An advantage of ecommerce is accessibility to the global market in that a potential buyer is able to shop anywhere in the world without any geographical limitation. Ecommerce websites run for twenty four hours meaning that time difference between different geographical locations is no longer an issue.

Ecommerce has the tendency of cutting out the middlemen in that businesses are able to trade directly with consumers without involving the middlemen. The implication of this is that the customer is able to buy cheaper and the business is able to make a bigger profit (Donthu & Garcia, 1999).

Ecommerce is associated with an equal and fair playing field for businesses, both huge and small. All companies can place their products online with a small cost of designing and maintaining the website, and the rest is just business. Ecommerce provides a twenty four hour economy or as some would say a round the clock economy.

Processing of transactions is fully automated, a shop may be closed at night but a website is never closed. Ecommerce has a greater ability to satisfy the customer than a physical shop somewhere in town. Ecommerce websites allows customers to take charge of their transaction.

The customer can review the products, ask for assistance, view the product performance and this becomes a powerful tool for developing customer loyalty (Wigand & Benjamin, 2005).

Another global trend critical to ecommerce is online marketing. This can be incredibly great way of marketing through email, search engines and blog sites. The buyer is able to interact with the seller easily allowing the seller to keep the customer informed. The business is also able to advertise cheaply compared to other media. In addition, the business is able to benchmark itself against its competitors, this easily convinces the customers.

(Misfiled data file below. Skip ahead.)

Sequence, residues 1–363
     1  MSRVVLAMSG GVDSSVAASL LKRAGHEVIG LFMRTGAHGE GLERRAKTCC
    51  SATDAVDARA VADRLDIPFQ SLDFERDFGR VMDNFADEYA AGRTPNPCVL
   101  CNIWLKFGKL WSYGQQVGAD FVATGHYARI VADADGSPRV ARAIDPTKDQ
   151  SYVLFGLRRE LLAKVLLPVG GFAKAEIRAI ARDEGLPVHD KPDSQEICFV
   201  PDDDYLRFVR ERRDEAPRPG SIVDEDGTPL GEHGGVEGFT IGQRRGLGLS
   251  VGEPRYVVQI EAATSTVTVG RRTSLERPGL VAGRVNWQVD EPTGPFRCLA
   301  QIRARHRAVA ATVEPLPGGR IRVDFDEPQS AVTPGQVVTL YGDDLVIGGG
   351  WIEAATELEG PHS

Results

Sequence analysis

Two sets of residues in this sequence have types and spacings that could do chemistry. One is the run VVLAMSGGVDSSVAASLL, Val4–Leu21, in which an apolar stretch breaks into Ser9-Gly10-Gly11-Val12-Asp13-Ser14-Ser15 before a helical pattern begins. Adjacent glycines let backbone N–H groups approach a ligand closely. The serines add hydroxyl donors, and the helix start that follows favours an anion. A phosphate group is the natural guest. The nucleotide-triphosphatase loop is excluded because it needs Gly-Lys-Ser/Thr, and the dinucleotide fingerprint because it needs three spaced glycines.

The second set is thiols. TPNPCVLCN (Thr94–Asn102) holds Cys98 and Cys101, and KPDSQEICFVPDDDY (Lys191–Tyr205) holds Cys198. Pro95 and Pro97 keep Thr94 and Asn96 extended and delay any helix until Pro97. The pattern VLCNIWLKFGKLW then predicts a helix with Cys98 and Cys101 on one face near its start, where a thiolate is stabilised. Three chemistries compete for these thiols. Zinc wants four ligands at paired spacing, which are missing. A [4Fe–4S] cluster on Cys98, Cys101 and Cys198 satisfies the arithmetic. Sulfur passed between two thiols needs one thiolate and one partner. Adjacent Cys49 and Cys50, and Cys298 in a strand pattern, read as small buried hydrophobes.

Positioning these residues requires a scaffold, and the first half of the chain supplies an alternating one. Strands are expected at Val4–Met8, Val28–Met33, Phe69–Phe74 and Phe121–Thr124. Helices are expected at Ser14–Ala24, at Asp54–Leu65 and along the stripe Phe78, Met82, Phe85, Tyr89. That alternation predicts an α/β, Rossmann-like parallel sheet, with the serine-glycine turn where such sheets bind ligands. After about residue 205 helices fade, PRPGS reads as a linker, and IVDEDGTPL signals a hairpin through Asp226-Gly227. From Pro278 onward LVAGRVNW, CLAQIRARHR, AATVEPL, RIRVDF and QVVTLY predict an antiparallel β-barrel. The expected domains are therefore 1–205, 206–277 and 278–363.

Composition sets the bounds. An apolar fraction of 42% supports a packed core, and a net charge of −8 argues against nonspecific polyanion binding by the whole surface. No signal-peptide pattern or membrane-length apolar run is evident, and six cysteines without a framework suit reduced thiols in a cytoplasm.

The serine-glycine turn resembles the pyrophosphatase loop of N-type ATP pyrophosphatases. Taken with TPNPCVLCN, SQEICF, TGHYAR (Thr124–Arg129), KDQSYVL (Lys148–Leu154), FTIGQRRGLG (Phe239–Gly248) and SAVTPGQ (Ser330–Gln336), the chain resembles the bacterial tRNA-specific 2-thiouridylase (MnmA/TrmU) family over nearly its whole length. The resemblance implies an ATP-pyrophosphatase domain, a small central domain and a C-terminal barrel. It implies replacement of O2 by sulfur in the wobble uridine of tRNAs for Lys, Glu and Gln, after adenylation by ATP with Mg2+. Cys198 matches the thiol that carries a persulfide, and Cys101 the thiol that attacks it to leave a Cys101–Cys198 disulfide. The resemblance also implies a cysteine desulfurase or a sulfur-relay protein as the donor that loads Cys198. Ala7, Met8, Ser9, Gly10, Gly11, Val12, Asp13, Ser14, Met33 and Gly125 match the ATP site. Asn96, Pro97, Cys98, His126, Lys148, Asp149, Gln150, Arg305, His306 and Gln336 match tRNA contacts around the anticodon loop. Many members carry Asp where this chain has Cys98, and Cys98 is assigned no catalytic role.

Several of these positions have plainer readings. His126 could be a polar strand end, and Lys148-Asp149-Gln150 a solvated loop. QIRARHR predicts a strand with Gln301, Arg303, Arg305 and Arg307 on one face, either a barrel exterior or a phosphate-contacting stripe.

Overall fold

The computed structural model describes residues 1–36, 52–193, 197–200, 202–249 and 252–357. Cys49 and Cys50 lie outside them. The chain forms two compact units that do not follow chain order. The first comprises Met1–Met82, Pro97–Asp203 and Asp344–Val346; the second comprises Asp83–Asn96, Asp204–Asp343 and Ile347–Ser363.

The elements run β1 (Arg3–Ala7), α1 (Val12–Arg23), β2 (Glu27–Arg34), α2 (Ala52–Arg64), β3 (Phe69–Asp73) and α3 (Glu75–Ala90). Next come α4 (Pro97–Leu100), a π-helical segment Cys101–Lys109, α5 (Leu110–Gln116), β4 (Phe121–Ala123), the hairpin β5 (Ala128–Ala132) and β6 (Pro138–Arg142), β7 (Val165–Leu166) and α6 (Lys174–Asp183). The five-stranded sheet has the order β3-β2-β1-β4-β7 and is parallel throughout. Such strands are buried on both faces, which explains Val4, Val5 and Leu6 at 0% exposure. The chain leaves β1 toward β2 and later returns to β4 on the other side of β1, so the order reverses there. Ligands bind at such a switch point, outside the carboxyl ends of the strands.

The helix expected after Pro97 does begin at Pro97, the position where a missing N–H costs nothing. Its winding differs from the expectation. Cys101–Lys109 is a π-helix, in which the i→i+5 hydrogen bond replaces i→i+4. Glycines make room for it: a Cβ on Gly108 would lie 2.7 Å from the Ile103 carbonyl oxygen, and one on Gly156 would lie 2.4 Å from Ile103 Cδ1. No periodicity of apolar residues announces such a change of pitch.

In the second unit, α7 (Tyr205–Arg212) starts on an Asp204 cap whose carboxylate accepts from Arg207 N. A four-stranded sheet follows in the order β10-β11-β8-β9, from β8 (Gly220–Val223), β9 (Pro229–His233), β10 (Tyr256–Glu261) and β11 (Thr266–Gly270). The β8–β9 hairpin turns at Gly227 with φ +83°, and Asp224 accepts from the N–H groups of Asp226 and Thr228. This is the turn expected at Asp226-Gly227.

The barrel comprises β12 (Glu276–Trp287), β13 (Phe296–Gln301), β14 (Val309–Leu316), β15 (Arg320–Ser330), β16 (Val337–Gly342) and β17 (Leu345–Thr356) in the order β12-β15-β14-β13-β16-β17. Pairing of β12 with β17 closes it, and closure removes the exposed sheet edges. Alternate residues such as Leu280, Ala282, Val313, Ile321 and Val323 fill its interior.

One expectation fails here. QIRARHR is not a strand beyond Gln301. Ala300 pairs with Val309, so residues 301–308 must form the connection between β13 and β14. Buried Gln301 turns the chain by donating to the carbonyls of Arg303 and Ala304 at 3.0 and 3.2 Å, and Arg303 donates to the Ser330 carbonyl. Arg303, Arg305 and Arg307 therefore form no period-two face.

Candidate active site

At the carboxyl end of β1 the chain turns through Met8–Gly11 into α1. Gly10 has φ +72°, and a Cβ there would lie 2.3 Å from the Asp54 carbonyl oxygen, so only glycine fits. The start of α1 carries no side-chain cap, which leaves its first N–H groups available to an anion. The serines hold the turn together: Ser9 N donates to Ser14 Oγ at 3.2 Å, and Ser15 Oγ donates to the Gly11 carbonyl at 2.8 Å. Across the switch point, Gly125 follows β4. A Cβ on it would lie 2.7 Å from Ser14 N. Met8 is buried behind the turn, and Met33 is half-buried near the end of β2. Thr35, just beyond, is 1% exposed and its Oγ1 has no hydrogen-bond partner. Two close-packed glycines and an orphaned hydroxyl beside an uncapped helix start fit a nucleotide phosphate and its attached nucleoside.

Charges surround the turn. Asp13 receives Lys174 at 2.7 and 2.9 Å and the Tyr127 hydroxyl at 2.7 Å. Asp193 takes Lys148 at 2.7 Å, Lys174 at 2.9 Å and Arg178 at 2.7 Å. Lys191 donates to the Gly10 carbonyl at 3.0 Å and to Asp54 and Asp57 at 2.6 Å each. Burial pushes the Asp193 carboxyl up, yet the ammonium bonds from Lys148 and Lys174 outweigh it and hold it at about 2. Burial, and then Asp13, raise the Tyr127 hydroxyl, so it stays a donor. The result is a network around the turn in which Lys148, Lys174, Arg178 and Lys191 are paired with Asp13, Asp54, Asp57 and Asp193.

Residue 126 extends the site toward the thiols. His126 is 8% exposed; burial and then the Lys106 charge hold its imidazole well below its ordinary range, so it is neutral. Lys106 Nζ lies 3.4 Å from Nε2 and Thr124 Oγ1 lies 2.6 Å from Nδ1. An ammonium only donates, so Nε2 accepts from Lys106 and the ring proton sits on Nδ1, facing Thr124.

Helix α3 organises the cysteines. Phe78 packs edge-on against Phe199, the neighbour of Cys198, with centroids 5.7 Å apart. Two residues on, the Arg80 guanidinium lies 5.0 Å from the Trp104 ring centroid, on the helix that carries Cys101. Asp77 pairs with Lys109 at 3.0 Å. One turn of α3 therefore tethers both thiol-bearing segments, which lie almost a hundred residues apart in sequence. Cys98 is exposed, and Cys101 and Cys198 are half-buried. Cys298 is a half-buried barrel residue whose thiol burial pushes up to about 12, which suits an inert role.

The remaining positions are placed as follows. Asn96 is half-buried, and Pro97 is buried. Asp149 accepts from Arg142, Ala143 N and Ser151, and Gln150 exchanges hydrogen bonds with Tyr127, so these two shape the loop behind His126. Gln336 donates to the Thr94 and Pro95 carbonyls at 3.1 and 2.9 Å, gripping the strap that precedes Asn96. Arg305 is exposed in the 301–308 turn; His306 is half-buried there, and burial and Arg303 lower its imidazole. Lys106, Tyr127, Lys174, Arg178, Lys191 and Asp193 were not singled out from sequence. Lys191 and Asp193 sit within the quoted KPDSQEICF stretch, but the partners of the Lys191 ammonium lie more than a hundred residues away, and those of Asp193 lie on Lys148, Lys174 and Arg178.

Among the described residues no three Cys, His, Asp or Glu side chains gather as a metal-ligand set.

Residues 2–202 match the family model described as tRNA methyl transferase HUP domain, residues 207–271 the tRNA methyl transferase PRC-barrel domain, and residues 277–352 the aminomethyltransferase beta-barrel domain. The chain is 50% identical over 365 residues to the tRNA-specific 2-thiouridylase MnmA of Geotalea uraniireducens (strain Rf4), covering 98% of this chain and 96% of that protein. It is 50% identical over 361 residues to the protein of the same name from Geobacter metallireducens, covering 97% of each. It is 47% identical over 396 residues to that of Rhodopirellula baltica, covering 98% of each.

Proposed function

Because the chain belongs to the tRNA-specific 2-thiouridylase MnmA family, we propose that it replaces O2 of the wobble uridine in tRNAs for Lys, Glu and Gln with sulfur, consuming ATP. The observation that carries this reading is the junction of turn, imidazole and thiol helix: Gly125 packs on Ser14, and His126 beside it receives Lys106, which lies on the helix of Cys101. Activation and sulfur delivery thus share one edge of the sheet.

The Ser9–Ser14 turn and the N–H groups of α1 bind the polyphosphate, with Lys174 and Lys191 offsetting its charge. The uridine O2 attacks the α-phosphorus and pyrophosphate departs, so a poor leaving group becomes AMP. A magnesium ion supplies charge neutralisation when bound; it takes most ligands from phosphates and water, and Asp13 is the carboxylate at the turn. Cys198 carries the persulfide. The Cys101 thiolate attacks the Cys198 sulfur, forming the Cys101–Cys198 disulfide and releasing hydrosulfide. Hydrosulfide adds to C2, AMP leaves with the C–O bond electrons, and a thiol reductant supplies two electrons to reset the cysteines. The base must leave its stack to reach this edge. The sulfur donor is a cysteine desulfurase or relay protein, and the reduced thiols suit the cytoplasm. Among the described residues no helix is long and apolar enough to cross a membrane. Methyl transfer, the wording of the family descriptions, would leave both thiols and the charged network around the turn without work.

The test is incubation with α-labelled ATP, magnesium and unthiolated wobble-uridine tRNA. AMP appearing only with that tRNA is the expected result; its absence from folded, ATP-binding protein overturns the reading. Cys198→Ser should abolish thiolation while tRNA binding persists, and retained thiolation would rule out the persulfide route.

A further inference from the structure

The business is able to analyze its customers by tracing their location details and the goods they are interested in. This gives the business an advantage of understanding its customers better and makes future business to be run easily.

The customer is also able to understand the supplier deeply. In addition, there is more of information that the customer can get from the website than what can be conveyed by the word of mouth or by a telephone conversation.

Ethical implications of ecommerce

Businesses or companies wishing to trade online through ecommerce will be faced by a number of ethical challenges. Businesses tend to overlook these ethical limitations after meeting some technical challenges. Ecommerce encourages sale of illegal goods in an unregulated manner.

This is because it has some privacy than going into a store to buy the goods. The people engaging in an illegal transaction converse in private online messaging and close sales (Cucuzza & Cherian, 2001).

Although it’s unethical to sell drugs, ecommerce provides an environment whereby drugs can be traded. It is hard to trace these kinds of transactions and therefore ecommerce can encourage occurrence of crime. When carrying out face to face transaction, it is not possible to sell alcohol and cigarettes to minors.

Ecommerce encourage unregulated environment that may encourage sale of alcohol and cigarettes to minors. Ecommerce to some extent should not be applied in tobacco industry (Mallor, Barnes, Bowers, & Langvard, 2010).

In pharmaceutical industry, ecommerce can pose a great threat to a lot of people. Pharmaceuticals need to apply a lot of moral and ethical issues to close sales. If such sales are conducted online, it is not possible to apply these ethical issues. This means that these goods may land into the hands of wrong people who might misuse the drugs.

This is a threat to the society because drugs should only be used when they are required, and they need to be accompanied by prescriptions from qualified persons. The urge to make money is always tempting and in an ecommerce environment, the urge becomes worse.

Although it is unethical to sell Viagra to a person with a high risk of heart attack or weight losing pill to already emaciated person, ecommerce allows these evils to be possible (Mallor, Barnes, Bowers, & Langvard, 2010).